Voters grapple with school budgets and property tax rates

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(Host) Many communities across the state will be voting on their school budgets on Town Meeting Day. These budgets, on average, are increasing at a rate of six and a half percent this year. Governor Jim Douglas says this rate isn’t sustainable and he’s urging voters to scrutinize their local budgets. Many local officials welcome that scrutiny because they feel most of the factors driving up costs are largely out of their control.

VPR’s Bob Kinzel reports:

(Kinzel) When lawmakers passed Act 68 two years ago, they hoped the new law would provide significant property tax relief for many Vermonters. But school costs have continued to increase faster than projections and the relief to many taxpayers may be short lived. According to the Department of Education, school budgets this year are increasing about
6.5 percent. Last year, spending increased by about the same amount.

Governor Jim Douglas is very concerned:

(Douglas) “But I really believe that 6.5 percent increase is not sustainable at a time of declining enrollments and the need for families, employers of all kinds to tighten their belts and live within their means. So I really think it’s important to scrutinize those budgets and ask some tough questions.”

(Kinzel) A number of local school officials think that kind of scrutiny would clearly demonstrate the dilemma they face. They say they have little control over many of the largest cost drivers in their budgets, for instance:

  • Special education costs are up almost 10 percent
  • Health costs are up 12 percent
  • Salaries are up around 4 percent
  • Federal grant programs have been cut or eliminated and the new federal No Child Left Behind law has mandated additional local costs.

    Brian O’Regan is the superintendent of the Chittenden South District:

    (O’Regan) “I think the schools and the school boards are doing everything possible to keep their costs down. And I think we’re challenging because of both the federal and state mandates as well as a belief from a local community level that this is the quality of school system that we want to have in place, regardless of what community that is.”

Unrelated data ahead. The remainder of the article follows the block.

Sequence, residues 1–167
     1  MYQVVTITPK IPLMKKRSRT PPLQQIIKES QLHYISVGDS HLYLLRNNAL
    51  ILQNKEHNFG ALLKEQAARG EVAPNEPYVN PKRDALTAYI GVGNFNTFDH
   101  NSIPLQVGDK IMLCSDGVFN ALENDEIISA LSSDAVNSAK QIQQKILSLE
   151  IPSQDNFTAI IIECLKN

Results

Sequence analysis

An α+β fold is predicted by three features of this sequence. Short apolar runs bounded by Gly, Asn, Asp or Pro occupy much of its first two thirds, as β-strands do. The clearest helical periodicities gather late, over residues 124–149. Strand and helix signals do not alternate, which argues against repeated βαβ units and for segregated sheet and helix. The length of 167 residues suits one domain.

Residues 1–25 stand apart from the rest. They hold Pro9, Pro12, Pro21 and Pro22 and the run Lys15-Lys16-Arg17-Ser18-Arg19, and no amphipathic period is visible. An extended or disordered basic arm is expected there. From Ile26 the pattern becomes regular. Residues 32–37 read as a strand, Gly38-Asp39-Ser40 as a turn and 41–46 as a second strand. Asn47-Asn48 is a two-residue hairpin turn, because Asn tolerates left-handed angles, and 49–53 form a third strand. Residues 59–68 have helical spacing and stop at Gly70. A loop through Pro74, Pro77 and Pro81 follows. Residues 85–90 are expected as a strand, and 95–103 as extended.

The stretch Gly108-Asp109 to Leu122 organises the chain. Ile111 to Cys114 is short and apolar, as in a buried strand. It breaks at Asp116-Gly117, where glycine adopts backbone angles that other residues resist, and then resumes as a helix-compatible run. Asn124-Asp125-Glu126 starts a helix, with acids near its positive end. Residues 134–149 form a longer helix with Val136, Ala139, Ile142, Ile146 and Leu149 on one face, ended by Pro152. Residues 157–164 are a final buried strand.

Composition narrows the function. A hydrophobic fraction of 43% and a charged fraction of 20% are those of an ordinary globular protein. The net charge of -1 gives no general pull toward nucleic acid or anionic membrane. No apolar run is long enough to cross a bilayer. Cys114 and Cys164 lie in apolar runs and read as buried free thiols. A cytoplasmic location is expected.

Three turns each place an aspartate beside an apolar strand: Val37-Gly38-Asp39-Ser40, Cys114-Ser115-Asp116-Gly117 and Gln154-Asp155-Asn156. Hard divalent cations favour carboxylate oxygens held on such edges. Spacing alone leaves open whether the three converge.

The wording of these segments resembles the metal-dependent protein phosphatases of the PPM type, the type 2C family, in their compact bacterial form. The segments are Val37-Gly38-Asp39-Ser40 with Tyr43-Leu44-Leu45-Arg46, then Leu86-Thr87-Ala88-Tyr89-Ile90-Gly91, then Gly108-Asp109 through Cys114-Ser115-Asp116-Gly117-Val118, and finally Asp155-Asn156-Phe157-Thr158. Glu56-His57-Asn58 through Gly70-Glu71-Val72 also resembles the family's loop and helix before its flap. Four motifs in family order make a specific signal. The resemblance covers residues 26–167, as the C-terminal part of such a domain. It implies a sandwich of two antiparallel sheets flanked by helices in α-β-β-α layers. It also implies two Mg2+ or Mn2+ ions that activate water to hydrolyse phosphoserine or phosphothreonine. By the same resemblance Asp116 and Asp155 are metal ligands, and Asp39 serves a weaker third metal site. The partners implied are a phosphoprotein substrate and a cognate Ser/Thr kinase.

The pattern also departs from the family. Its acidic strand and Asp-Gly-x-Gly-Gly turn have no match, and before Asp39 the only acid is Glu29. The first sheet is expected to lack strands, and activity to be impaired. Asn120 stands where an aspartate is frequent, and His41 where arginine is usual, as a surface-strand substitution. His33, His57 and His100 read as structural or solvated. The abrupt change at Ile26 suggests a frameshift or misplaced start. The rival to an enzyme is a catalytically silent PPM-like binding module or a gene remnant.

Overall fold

(Kinzel) Another problem is that many school districts are facing a declining enrollment base. On average, Vermont’s student population is decreasing by roughly 1.5 percent a year.

    John Everitt is the Superintendent in Montpelier. Everitt says he can eliminate classroom teachers when there’s a sizeable decline in enrollment but he says there are some significant costs that aren’t affected by a drop in the number of students:

    (Everitt) “It becomes much more difficult with the overhead. It’s the foreign language, programs with the nurse, the librarian – where as the enrollment drops you still have a full time nurse and a building. The building needs to stay warm and needs to stay open no matter how small the enrollment gets.”

    (Kinzel) The overall drop in enrollment means that while state spending is increasing by 6.5 percent per pupil, expenditures are actually going up by almost eight percent. This is important because a town’s local education tax rate is based on the per pupil rate.

    Here’s how it works: the state pays towns roughly $7,000 for each student. If a community actually spends $7,700 per student, which is $700 dollars or 10 percent above the basic state grant, then its total school tax rate will be 10 percent higher than the statewide property tax rate.

    Steve Jeffrey is the executive director of the Vermont League of Cities and Towns:

    (Jeffrey) “It is the residential tax rate which goes up and down based on the spending, and it’s based on spending per pupil. So it does affect directly the residential tax rates.”

    (Kinzel) Towns are also struggling with a provision known as the Common Level of Appraisal. Because individual towns conduct reappraisals at different times, a mechanism is needed to make certain that all towns are taxed on an equal basis.

    Because property values are increasing by more then 10 percent a year, the CLA boosts the local tax rate to reflect this growth in the grand list. This provision is creating problems for local school officials because the CLA by itself in many communities will increase school tax rates by more than 10 percent, so that it could take a 12 percent increase in taxes to support a local school budget that’s growing by only two percent.

    Local and state officials will be closely watching the results school budgets votes to help determine if a new taxpayer revolt is in the making.

    For Vermont Public Radio, I’m Bob Kinzel in Montpelier.

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